At ease now, would have regretted had we stayed back, say migrants after reaching homeUpdated: Mar 30, 2020 22:54 IST
It took Amjad Ali and his family over 30 hours to reach his village Aurangabad in Sitapur district—a journey that usually takes 12 hours from Noida. However, while the family is isolating itself in the village, Ali said that despite the tedious journey and uncertainty of the return of normalcy, they are now at ease with the assurance of sustenance and being at home.
“Back in the city, we had many fears, There was a sense of panic. There was no work, no earning and given the uncertainty of how long the lockdown would stretch, we had limited cash to sustain ourselves. But above all that, we were afraid of dying away from home. Now, we are among our own, there is the assurance of sustenance and even if we die of this virus I know I will be buried in my village amid my own,” Ali said on the phone.
Sixty-two-year-old Amjad Ali, who runs a laundry shop near Sector 77 in Noida, left for home on Saturday morning along with his two sons and a daughter, all in their twenties, and wife.
The family started its journey on Saturday morning by walking towards the Anand Vihar bus terminal. By Saturday afternoon, they managed to board a bus to Sitapur, reaching there around 3am Sunday. Since they still had a 50km-long journey left, they waited for conveyance in Sitapur to reach their next stop—the temple town of Naimisharanya, 42km from Sitapur city. However, in the absence of a bus or any other conveyance, Ali and his family had no other option but to walk further till Naimisharanya. After a brief stop for a medical check-up by the health department, they found a fellow villager’s vegetable delivery van which dropped them home at Aurangabad about seven kilometres from there. They reached their village, situated about 120 kilometres from the state capital Lucknow, by Sunday evening.
“We were scanned once at Anand Vihar, but no one stopped us at Sitapur. We waited for a bus or jeep; there were none, so we started walking again. After reaching Naimisharanya, some administrative officials at the city gates stopped us, scanned us again, registered our names and let us go. Upon reaching the village, the village pradhan asked us to isolate ourselves, and not socialise. Later, health officials came and scanned us again,” Talib, Ali’s older son, who said he borrowed ₹3,000 for the journey from a Noida contractor under whom he had worked earlier, said.
Ali added that apart from the cheap cost of living back home, the upcoming harvest was another reason to leave the city.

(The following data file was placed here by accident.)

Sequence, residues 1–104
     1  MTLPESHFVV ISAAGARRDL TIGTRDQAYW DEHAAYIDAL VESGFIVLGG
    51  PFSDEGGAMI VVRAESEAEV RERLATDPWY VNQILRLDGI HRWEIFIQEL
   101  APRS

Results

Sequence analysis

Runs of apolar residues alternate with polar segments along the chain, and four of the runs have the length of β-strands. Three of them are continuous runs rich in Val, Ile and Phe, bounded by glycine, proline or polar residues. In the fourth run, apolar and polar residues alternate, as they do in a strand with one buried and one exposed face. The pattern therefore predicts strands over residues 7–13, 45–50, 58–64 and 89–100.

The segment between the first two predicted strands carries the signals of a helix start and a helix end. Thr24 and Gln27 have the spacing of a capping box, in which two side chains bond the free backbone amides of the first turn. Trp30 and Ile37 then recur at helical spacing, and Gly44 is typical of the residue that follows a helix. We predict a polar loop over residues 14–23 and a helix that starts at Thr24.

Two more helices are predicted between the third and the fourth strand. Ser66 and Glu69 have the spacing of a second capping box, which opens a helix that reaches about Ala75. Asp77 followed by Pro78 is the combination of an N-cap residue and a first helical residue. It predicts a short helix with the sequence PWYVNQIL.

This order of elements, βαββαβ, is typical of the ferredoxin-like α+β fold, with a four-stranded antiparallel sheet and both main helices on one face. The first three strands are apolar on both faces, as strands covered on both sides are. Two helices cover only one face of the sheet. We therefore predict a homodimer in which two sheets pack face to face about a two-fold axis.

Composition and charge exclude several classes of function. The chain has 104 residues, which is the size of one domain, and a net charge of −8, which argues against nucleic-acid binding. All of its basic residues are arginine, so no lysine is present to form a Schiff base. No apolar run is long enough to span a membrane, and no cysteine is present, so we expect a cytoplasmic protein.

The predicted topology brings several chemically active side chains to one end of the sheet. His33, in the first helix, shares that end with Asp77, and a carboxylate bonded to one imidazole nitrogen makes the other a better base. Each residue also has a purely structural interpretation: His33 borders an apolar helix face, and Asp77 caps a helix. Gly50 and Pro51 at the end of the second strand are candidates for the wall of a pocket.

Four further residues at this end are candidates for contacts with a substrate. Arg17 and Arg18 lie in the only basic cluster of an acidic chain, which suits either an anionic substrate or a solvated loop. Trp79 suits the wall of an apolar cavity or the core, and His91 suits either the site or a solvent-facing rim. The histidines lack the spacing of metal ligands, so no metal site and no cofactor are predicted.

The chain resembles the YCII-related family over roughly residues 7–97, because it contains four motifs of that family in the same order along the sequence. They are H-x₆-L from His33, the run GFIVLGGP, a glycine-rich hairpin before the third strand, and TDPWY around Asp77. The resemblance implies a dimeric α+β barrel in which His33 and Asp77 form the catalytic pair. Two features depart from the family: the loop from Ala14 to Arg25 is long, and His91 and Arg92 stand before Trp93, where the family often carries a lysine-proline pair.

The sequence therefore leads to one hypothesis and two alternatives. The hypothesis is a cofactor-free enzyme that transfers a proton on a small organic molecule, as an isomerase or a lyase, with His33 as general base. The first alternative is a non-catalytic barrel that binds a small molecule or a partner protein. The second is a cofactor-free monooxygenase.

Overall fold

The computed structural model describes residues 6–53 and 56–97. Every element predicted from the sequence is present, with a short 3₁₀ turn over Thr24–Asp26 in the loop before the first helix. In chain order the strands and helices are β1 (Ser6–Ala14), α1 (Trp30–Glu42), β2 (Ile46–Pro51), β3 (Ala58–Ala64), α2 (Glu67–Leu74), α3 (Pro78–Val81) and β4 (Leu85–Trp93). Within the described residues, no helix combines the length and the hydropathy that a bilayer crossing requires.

“A litre of milk costs ₹65 in Noida against ₹40 here, five kg of atta costs over ₹175 while it’s ₹120 here, the cost of vegetables is extremely cheap, besides we can get groceries on credit, and there are villagers to help. We have a small patch of a farm which is on contract. The harvest of wheat is due in two weeks, so we can help on our fields as well,” Ali said.
The family’s panic dissolved quickly after villagers came forward to help even before they could unlock their house.
“We arranged about 50kg of flour, pulses, vegetables, oil, milk and other essential food items for the family after they arrived. Life will soon come to normal, but at such a perilous time, we take care of each other in this village,” Umesh Chandra Pandey, a fellow villager and farmer, said on the phone.
Fifty-five-year-old Santosh Shukla, a resident of Sathra village in Hardoi, had a more tiring journey that started on Friday morning, a day before the mass migration began. Shukla, along with his 50-year-old wife and a few relatives walked for 60km to reach Bulandshahr from their Noida residence at Chhijarsi village, Sector 63. They first reached Dadri, from where they walked for hours after failing to get a conveyance only to reach Bulandshahr by the evening.
Luckily for them, they kept getting buses from Bulandshahr. The family made the more than 30-hour-long journey by changing three buses—Bulandshahr to Kannauj, Kannauj city to Bilgram town in Hardoi district, and from Bilgram, about 30km to Sathra. The family had to stop for a medical check-up at the town of Bilgram before they getting the green signal to enter their village; they were instructed to isolate themselves. They reached Sathra late Saturday night.
However, while hundreds of migrant workers left the national capital region due to lack of sustenance, money or rent, Shukla, who owns two auto-rickshaws in Noida and has a house of his own, left to simply be with the rest of his family.
“Others in our neighbourhood were leaving, we thought this was our chance. There were rumours that the lockdown may extend longer. So we decided to go back to our village to be among our people. We didn’t have issues in Noida, but home is home,” Shukla said on the phone.